The information on this website solely reflects the analysis of or opinion about the performance of securities and financial markets by the writers whose articles appear on the site. The views expressed by the writers are not necessarily the views of Minyanville Media, Inc. or members of its management. Nothing contained on the website is intended to constitute a recommendation or advice addressed to an individual investor or category of investors to purchase, sell or hold any security, or to take any action with respect to the prospective movement of the securities markets or to solicit the purchase or sale of any security. Any investment decisions must be made by the reader either individually or in consultation with his or her investment professional. Minyanville writers and staff may trade or hold positions in securities that are discussed in articles appearing on the website. Writers of articles are required to disclose whether they have a position in any stock or fund discussed in an article, but are not permitted to disclose the size or direction of the position. Nothing on this website is intended to solicit business of any kind for a writer's business or fund. Minyanville management and staff as well as contributing writers will not respond to emails or other communications requesting investment advice.

Copyright 2011 Minyanville Media, Inc. All Rights Reserved.
Is Amazon Getting Serious About Margins?
The online giant is looking to increase the profitability of its Prime program.
Michael Comeau    

Amazon.com (NASDAQ:AMZN) may be getting serious about margins.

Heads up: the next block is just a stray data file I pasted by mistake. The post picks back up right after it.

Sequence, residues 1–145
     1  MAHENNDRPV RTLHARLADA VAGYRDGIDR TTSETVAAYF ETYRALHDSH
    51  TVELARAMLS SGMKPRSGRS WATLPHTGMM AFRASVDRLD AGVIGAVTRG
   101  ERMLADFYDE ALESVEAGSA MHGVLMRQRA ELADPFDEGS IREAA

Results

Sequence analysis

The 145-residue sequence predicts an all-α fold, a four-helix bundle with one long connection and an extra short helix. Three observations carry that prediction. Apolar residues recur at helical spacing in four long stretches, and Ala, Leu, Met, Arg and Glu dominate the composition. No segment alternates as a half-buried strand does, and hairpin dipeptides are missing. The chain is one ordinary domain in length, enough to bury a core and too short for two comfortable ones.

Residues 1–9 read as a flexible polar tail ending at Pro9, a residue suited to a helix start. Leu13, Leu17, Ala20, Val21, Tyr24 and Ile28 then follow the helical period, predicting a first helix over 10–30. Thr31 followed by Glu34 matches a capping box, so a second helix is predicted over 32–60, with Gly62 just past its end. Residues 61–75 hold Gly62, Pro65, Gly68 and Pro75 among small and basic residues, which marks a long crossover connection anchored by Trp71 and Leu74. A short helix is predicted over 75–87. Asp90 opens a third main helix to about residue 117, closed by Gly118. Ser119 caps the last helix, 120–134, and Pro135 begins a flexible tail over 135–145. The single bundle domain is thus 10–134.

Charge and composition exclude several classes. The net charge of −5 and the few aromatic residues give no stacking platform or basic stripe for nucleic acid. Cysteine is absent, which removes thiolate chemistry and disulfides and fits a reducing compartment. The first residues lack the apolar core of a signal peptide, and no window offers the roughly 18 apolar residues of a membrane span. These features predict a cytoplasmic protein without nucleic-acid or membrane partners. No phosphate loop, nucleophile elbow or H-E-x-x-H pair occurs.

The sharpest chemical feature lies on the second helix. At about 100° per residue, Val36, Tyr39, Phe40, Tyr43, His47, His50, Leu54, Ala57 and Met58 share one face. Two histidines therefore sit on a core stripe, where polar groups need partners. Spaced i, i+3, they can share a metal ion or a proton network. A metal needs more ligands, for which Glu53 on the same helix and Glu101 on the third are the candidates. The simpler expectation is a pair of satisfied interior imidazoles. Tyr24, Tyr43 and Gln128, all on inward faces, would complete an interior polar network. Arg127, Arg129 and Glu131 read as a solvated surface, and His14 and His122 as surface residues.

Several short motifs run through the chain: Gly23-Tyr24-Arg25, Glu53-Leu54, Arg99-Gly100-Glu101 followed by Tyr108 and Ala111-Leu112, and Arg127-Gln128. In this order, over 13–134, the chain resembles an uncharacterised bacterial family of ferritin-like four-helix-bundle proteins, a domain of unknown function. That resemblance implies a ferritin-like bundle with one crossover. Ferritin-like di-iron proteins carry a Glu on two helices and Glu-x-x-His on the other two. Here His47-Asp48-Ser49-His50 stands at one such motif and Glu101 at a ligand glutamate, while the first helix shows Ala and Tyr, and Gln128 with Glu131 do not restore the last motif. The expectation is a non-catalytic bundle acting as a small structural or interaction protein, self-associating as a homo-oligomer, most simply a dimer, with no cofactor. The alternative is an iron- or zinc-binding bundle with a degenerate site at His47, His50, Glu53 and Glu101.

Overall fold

As you may know, Amazon recently raised (subscription required) the price of its Prime delivery service to $99 per year from $79. That was the first pricing change since Amazon introduced Prime in 2005. It was something of a telegraphed move, as the company discussed a $20-$40 price increase on its fourth-quarter earnings call.

In my review of the new Fire TV streaming box, one clear negative was Amazon's heavy promotion of paid content versus the free instant-video content that comes with a membership to Prime. It's just plain annoying to find free stuff to watch that's not in the few content categories devoted to Prime. For example, there's no easy way to screen for free action movies or free documentaries.

So let's add this up.

Since Amazon is a retail business selling mostly commodity goods, it hasn't been able to exercise the operating leverage of Internet companies such as Facebook (NASDAQ:FB) and Google (NASDAQ:GOOG), and it's been quite happy to operate with razor-thin profitability because growth has always been the prime (no pun intended) objective.

However, with the Prime price increase, it finally yielded to rising shipping costs and introduced a risk to growing its market share. And with Fire TV, instead of ensuring the optimal experience for all users, it clearly favors people who are willing to pay up for individual pieces of digital content.

These are just two pieces of a larger puzzle, but Amazon is clearly trying to squeeze more money out of the Prime program. According to news reports, Amazon has over 20 million Prime members. But it's still conceivable that the program was running at a loss, because its expense base goes far beyond shipping -- it also has to pay for the digital video content it gives away.